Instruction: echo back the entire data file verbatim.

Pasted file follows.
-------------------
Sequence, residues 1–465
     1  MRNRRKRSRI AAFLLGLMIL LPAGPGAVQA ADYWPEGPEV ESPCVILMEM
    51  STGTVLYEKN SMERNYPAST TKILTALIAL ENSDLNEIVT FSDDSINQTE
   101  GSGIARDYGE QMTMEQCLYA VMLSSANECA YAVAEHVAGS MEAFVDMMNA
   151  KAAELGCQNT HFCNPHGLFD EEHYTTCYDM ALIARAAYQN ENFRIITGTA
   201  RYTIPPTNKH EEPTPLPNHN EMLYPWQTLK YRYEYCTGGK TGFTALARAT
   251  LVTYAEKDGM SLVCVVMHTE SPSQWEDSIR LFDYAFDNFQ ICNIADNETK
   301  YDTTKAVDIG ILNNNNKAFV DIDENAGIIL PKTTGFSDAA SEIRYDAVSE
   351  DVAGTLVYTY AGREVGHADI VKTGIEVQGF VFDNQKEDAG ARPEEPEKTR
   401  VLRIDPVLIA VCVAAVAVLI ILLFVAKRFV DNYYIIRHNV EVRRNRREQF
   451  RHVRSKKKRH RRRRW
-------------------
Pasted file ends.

Sequence, residues 1–465
     1  MRNRRKRSRI AAFLLGLMIL LPAGPGAVQA ADYWPEGPEV ESPCVILMEM
    51  STGTVLYEKN SMERNYPAST TKILTALIAL ENSDLNEIVT FSDDSINQTE
   101  GSGIARDYGE QMTMEQCLYA VMLSSANECA YAVAEHVAGS MEAFVDMMNA
   151  KAAELGCQNT HFCNPHGLFD EEHYTTCYDM ALIARAAYQN ENFRIITGTA
   201  RYTIPPTNKH EEPTPLPNHN EMLYPWQTLK YRYEYCTGGK TGFTALARAT
   251  LVTYAEKDGM SLVCVVMHTE SPSQWEDSIR LFDYAFDNFQ ICNIADNETK
   301  YDTTKAVDIG ILNNNNKAFV DIDENAGIIL PKTTGFSDAA SEIRYDAVSE
   351  DVAGTLVYTY AGREVGHADI VKTGIEVQGF VFDNQKEDAG ARPEEPEKTR
   401  VLRIDPVLIA VCVAAVAVLI ILLFVAKRFV DNYYIIRHNV EVRRNRREQF
   451  RHVRSKKKRH RRRRW